Cumberland's Culloden Army, 1745-46

Cumberland's Culloden Army, 1745-46

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In August 1745 Charles Edward Stuart, the 'Young Pretender', landed in Scotland and sparked the Second Jacobite Rising. The Jacobite forces seized Perth, then Edinburgh, where they proclaimed the Young Pretender's father King James VIII; they trounced their Hanoverian opponents at Prestonpans and crossed into England, getting as far south as Derby before withdrawing into Scotland. Far from universally popular north of the border, the Jacobite army bested another Hanoverian army at Falkirk and besieged Stirling, only to be routed by the duke of Cumberland's army at Culloden in April 1746, a crushing defeat that ended any prospect of a Stuart restoration. Featuring full-colour artwork depicting the distinctive uniforms of Cumberland's men, this exhaustively researched study offers a wealth of detail of regimental strengths and casualties and includes an extended chronology that places individual units in specific places throughout the campaign that culminated at Culloden.

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  • Paperback | 48 pages
  • 180.34 x 241.3 x 7.62mm | 158.76g
  • Osprey Publishing
  • OspreyUnited Kingdom
  • English
  • Illustrations (some col.)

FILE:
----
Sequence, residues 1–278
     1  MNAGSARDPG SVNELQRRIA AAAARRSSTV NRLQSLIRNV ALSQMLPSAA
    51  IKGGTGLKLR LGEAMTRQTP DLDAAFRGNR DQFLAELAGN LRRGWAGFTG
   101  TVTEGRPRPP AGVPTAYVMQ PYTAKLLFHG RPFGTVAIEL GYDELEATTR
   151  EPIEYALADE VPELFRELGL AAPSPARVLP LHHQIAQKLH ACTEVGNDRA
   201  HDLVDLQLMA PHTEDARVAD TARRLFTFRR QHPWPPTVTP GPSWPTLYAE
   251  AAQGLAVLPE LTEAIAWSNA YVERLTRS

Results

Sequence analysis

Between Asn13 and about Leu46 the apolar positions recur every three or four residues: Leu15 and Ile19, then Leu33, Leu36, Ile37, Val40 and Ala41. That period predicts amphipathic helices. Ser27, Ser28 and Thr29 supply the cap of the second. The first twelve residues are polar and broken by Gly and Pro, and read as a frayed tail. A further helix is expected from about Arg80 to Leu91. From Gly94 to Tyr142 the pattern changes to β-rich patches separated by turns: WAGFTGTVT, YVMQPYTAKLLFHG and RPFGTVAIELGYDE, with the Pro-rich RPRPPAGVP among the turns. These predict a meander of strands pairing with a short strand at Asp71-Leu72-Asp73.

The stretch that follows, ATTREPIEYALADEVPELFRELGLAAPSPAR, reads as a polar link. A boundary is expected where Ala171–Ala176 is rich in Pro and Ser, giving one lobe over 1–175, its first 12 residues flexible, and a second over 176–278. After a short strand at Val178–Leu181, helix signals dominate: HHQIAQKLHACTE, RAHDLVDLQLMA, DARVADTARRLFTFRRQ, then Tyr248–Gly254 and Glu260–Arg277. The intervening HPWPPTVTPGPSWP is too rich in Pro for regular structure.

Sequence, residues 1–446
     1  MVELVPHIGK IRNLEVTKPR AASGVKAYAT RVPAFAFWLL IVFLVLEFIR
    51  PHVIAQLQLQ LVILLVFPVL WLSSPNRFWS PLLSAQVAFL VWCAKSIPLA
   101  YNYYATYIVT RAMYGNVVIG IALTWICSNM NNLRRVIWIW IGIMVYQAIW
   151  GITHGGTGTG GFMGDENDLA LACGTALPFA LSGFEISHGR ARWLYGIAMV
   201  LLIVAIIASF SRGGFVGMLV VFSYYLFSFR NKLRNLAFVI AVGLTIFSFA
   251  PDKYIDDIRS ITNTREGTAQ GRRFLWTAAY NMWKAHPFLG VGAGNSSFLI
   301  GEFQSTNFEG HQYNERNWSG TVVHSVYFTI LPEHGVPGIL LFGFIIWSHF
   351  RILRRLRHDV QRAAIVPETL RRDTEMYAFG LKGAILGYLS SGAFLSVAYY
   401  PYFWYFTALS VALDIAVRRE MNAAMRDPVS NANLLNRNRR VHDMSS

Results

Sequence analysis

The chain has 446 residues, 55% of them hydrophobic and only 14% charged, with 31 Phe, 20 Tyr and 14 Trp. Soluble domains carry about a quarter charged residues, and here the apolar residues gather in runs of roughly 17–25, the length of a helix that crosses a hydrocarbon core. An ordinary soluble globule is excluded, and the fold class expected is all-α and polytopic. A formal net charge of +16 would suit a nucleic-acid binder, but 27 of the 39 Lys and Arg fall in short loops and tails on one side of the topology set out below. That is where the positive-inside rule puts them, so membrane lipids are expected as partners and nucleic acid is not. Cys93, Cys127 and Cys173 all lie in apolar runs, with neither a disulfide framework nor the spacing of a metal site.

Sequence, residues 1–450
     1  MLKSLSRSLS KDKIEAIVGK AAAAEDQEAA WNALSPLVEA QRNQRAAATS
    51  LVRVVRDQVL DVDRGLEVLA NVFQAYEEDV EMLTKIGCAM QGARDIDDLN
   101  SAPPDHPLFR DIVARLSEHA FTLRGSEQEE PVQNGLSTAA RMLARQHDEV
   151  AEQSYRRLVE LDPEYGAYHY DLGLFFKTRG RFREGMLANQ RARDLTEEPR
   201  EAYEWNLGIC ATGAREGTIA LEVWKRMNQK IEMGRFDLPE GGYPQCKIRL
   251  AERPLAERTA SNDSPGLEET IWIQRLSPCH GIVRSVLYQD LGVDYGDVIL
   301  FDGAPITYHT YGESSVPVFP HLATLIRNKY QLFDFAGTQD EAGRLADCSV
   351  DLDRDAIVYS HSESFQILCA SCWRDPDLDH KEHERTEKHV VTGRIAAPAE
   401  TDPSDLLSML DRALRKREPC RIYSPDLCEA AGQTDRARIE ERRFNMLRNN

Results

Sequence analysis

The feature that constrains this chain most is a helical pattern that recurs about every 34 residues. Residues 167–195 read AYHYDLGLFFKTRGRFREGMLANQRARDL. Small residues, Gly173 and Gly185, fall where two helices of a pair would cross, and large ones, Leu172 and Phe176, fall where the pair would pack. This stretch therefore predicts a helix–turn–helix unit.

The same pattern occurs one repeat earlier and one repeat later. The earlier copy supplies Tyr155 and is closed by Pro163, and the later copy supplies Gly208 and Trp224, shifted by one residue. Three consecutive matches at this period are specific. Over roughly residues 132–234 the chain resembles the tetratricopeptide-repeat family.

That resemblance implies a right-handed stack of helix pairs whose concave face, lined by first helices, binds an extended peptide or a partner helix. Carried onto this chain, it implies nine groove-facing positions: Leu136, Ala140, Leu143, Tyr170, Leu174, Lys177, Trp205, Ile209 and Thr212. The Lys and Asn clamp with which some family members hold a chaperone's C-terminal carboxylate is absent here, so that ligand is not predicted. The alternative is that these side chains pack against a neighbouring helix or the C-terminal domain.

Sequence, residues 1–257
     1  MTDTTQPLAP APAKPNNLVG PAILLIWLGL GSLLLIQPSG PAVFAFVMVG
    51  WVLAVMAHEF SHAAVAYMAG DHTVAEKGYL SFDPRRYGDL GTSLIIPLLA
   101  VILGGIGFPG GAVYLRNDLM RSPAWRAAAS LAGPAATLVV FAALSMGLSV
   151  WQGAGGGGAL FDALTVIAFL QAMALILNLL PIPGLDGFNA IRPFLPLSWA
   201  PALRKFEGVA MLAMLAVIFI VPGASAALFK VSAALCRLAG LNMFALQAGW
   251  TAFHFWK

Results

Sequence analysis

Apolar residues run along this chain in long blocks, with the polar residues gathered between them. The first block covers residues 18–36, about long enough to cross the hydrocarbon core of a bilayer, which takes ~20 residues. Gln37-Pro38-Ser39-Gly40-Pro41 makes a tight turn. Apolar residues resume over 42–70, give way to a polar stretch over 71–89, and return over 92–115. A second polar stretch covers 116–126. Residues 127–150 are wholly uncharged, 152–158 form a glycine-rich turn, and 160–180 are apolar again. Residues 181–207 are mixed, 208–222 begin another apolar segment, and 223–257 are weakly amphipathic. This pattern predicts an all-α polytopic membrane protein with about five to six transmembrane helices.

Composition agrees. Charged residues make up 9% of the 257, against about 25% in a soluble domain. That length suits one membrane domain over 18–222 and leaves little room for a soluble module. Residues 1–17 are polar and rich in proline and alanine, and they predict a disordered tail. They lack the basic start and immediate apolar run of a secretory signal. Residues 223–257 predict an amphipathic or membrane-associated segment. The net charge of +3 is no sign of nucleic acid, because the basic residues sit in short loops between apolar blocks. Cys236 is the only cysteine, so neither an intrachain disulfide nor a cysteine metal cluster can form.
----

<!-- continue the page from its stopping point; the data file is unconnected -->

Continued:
• 1849088462
  • 9781849088466
  • 438,790

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"Packs in color artwork by illustrator Gerry Embleton as it covers the history and strategies of a 1700s army lead by one Duke of Cumberland, who assembled an army to defeat a Jacobite rebellion that threatened to restore the Stuarts to rule. Details include not just uniforms but a full chronology of military events and encounters, along with analysis that includes specific units' actions and battles through the campaign that ended at Culloden. Military history holdings specializing in U.K. early history will find this a fine addition."- "The Midwest Book Review "(April 2013)

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About Stuart Reid

Stuart Reid was born in Aberdeen in 1954 and is married with two sons. He has worked as a librarian and a professional soldier and his main focus of interest lies in the 18th and 19th centuries. This interest stems from having ancestors who served in the British Army and the East India Company and who fought at Culloden, Bunker Hill and even in the Texas Revolution. His books for Osprey include the highly acclaimed titles about King George's Army 1740-93 (Men-at-Arms 285, 289 and 292), and the British Redcoat 1740-1815 (Warrior 19 and 20).

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